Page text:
Is all this information starting to feel overwhelming? Don’t panic! I’ve put together a 4 question calculator so you can quickly and easily find the best debt solution for you.
What’s the difference between debt collection and enforcement?
One question that’s often asked is what the difference is between a debt collector and an enforcement agent. Although the terms might seem like they can be used interchangeably, they are in fact very different.
Let’s start with a debt collector or debt collection agency. These are companies that are hired by creditors when they’ve tried and failed to reclaim money that they’re owed. The debt collection company will then try and recover the debt, usually on a no win no fee basis. They have no additional powers than the creditor, and often rely on the name to intimidate people into paying.
On the other hand, an enforcement agent (known as a bailiff) has court-appointed powers to recover the debt. This usually happens after the creditor or debt collection agency has taken you to court for not paying what you owe. If a court appoints a bailiff, they can come to your home and demand that you pay. If you don’t, they can seize your belongings to cover the value of the debt.
Although debt collection agents can visit your property, they have no legal powers to enter it. And, even if you invite them in, they cannot take anything that belongs to you. Bailiffs, on the other hand, can force entry to your home, seize your vehicle, and have several other powers.
What should I do if a bailiff visits?
Dealing with Debt Squared debt collection and enforcement can seem like a daunting prospect. When a bailiff visits, it can certainly be unpleasant. However, by knowing what to do, you can stop the bailiff at your door. Here are some steps you should take:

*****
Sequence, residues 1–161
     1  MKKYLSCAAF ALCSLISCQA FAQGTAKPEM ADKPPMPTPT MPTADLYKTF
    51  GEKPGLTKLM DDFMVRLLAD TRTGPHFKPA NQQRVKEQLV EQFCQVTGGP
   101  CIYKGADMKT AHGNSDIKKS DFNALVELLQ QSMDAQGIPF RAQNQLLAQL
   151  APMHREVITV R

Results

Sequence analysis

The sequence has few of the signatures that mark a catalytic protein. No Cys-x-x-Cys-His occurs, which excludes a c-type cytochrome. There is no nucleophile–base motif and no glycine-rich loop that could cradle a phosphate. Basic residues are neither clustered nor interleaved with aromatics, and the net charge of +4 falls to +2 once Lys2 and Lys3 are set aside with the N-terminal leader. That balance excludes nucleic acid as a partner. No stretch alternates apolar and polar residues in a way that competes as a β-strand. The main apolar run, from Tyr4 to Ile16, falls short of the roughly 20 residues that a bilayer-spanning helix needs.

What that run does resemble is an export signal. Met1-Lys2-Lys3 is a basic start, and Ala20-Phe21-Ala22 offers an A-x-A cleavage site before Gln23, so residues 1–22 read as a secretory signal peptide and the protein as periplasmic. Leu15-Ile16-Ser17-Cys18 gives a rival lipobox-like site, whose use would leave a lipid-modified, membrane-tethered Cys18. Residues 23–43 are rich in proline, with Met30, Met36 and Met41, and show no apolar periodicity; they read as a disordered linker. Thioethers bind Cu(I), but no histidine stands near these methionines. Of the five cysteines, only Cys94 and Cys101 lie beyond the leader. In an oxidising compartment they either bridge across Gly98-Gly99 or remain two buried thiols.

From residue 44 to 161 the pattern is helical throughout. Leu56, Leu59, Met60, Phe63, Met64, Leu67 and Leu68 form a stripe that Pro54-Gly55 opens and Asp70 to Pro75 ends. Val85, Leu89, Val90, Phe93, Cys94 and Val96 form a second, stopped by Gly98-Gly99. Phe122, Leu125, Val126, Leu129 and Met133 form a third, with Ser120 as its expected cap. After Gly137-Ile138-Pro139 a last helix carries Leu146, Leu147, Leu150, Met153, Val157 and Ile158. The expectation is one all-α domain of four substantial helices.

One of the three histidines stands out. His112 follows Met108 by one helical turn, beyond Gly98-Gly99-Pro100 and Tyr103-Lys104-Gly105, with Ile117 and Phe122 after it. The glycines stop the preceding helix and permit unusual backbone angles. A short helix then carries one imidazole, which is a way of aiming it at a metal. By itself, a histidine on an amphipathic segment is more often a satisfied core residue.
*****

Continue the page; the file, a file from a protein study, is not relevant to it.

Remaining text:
- Close and lock your doors and windows
- Get proof of who they are, preferably without opening your door to them
- Check their certification and whether they can force entry
- Do not let them in
- Get proof of the debt you owe and who the creditor is
- If it’s not your debt, tell the bailiff you’ll contact their head office to prove it
- If it is your debt, tell them you’ll contact their head office to arrange payment
What happens if I don’t pay Debt Squared?
If you refuse to pay an enforcement agent like Debt Squared, things can continue to escalate. If a court has issued a CCJ and sent the bailiffs round, it’s usually because you’ve already refused to pay the fine. Of course, you don’t necessarily have to pay Debt Squared when they’re at your door. You can contact their head office to negotiate a repayment plan that works with your current financial situation.
If you continue to refuse, they could take further court action against you. Depending on the type of debt you owe, you could face bankruptcy or even jail time if you refuse to pay.
Where can I get help with debt?
If your debts are mounting and you aren’t sure where to turn, don’t panic. There are several places where you can get free, impartial advice about your situation. We’ve listed some of the places you might turn to for help: